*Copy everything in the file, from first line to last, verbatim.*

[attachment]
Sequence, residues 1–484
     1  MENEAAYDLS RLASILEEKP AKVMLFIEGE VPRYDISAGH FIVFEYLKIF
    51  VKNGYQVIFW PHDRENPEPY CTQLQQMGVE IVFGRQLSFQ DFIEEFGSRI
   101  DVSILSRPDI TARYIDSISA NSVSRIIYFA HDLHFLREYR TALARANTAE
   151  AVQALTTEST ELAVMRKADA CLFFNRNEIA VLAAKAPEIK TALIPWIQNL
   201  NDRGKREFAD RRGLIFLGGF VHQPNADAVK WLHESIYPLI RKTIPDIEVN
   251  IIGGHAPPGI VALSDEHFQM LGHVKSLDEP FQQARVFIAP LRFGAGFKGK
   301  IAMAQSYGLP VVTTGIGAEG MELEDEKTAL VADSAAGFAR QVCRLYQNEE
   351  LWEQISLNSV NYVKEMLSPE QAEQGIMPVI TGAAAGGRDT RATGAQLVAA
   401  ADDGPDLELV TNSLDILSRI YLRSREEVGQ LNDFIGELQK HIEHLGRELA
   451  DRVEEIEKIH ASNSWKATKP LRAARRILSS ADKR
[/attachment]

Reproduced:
Sequence, residues 1–484
     1  MENEAAYDLS RLASILEEKP AKVMLFIEGE VPRYDISAGH FIVFEYLKIF
    51  VKNGYQVIFW PHDRENPEPY CTQLQQMGVE IVFGRQLSFQ DFIEEFGSRI
   101  DVSILSRPDI TARYIDSISA NSVSRIIYFA HDLHFLREYR TALARANTAE
   151  AVQALTTEST ELAVMRKADA CLFFNRNEIA VLAAKAPEIK TALIPWIQNL
   201  NDRGKREFAD RRGLIFLGGF VHQPNADAVK WLHESIYPLI RKTIPDIEVN
   251  IIGGHAPPGI VALSDEHFQM LGHVKSLDEP FQQARVFIAP LRFGAGFKGK
   301  IAMAQSYGLP VVTTGIGAEG MELEDEKTAL VADSAAGFAR QVCRLYQNEE
   351  LWEQISLNSV NYVKEMLSPE QAEQGIMPVI TGAAAGGRDT RATGAQLVAA
   401  ADDGPDLELV TNSLDILSRI YLRSREEVGQ LNDFIGELQK HIEHLGRELA
   451  DRVEEIEKIH ASNSWKATKP LRAARRILSS ADKR